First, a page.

Well, last year, what we saw was a trade-down with the refresh of the whole appliance line that we did, the introduction of the consolidated line, going from approximately 30 appliances of the combined Check Point and Nokia line all the way down to just, I think it's, 12 to 15 boxes, which is just a consistent Check Point line. And just to give people a refresher: Remember, we acquired our partner Nokia's security appliance business back in 2009. And at that time, we told people that we were going to unify the operating systems. And in doing so, we would pull together the install base. And we said it would take approximately 3 years, and that's indeed what it took. And so at the end of '11, we introduced the new line of appliance that -- appliances that were to consolidate the appliance lines and also bring together the operating system, which the -- that introduction was called GAiA. With that, we also updated the processing power of the boxes and effectively tripled the performance of all the boxes compared to the predecessors at the same level. What that transpired or what transitioned in the next year, during 2012, was because of the strengthening dollar, because of the increased power and because of the macro economy out there, we saw customers opting to buy a one-level-down appliance, which would be cheaper for them, but they would still have more power than their previous box. And what we would have liked them to do, obviously, is buy at the same level, spend the same amount of money, but due to the FX, due to the macro, it probably resulted in them making that decision to trade down. So it wasn't discounting, it wasn't anything like that, it was actually a customer trading down and buying a lower-level appliance. As we move through this year, as we moved through the year, less and less took place of that in the latter part of the year, so ASPs started to stabilize while units decreased towards the end of the year. So what we have at the beginning of this year is high units with a stable -- for a compare, stable ASP. And so what we saw in the Q1 time frame was an increase in ASP, but it wasn't enough to outstrip the decrease in units. So we still came up a little short on the product and license side. I think it was 5% is what we were down. However, going forward, the compares get easier, and if we continue to see the trend with the ASP, the trade-up effect, as it might be called, that's very beneficial. So we've said the second half of the year is probably when you should expect to see a more positive tone out of the products and license line. And so...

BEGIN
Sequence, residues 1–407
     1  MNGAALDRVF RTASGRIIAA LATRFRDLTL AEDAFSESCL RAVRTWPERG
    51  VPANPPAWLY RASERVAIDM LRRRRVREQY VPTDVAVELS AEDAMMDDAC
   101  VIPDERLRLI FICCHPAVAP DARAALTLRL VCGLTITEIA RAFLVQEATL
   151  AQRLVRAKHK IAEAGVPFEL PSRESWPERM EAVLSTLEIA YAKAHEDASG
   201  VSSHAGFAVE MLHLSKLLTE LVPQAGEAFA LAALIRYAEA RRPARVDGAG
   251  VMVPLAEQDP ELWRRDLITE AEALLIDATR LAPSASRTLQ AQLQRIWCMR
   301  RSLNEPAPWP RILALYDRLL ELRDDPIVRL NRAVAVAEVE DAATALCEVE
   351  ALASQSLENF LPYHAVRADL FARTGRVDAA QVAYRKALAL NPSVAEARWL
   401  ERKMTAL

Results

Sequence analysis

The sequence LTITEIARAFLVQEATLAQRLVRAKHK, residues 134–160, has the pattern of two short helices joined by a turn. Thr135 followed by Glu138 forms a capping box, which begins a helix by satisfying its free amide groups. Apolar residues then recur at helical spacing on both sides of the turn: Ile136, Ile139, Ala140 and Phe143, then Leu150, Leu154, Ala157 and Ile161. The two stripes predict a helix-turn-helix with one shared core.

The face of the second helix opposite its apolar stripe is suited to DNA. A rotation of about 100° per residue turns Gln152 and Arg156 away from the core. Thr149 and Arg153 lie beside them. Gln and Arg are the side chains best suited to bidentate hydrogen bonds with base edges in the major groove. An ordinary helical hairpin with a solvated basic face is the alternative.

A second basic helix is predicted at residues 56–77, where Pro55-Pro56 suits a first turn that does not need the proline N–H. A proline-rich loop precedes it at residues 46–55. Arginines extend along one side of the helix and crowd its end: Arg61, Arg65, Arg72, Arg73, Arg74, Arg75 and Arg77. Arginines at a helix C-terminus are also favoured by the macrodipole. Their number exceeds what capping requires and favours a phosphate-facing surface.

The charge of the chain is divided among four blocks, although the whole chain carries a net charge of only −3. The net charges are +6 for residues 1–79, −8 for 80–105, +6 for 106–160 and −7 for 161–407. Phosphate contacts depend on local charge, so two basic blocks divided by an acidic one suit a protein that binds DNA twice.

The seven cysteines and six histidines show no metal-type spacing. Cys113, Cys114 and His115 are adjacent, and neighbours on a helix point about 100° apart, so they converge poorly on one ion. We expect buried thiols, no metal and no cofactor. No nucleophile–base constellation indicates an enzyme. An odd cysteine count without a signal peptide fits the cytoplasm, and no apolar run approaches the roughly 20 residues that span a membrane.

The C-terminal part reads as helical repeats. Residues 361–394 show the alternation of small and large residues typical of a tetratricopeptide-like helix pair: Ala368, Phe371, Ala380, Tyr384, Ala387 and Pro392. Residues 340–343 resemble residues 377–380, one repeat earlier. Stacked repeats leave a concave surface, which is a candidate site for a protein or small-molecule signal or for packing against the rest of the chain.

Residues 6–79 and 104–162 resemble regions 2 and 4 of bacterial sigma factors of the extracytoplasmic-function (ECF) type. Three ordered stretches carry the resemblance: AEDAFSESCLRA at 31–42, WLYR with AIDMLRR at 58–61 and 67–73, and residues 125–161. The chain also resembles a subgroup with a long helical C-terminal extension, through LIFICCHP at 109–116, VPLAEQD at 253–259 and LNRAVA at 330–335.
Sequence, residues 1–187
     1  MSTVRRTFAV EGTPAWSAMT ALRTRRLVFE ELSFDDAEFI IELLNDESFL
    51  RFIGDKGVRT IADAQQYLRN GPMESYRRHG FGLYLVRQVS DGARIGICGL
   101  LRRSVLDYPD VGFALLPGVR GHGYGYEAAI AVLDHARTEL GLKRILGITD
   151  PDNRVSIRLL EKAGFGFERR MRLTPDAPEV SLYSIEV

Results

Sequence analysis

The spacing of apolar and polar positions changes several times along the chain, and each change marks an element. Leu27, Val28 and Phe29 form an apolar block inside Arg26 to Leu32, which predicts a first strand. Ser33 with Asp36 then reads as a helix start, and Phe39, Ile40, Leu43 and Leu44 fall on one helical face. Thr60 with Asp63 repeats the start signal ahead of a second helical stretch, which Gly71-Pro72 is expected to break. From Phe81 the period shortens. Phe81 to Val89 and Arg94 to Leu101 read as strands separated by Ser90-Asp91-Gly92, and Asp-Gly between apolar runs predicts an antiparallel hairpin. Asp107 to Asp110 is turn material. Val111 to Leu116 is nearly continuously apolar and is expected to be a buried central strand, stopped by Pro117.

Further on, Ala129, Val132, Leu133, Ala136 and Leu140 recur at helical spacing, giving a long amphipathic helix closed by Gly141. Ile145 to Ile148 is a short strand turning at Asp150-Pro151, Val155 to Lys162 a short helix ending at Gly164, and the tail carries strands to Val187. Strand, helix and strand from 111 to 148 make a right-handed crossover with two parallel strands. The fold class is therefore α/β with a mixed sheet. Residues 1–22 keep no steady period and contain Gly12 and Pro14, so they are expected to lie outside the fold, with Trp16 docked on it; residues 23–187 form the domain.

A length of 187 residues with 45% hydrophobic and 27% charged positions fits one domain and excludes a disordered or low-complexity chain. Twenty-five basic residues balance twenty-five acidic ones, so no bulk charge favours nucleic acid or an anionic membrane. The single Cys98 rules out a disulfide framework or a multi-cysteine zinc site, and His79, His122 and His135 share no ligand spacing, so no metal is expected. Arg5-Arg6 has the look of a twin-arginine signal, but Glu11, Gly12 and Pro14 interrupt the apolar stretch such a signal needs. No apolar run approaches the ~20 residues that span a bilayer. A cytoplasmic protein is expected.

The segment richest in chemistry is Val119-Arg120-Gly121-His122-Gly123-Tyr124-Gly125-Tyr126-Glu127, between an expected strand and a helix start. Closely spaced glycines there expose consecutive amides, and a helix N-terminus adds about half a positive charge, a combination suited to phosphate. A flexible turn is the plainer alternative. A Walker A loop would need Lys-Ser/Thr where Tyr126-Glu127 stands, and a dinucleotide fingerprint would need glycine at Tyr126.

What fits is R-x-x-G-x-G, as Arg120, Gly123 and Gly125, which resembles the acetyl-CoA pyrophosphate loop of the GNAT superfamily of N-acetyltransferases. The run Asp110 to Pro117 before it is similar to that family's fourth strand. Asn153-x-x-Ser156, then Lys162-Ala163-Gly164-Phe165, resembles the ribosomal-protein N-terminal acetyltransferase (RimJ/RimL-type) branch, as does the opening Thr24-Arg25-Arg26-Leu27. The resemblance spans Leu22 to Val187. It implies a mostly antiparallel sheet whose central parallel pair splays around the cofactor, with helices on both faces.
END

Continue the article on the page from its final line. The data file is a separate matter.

Unknown Analyst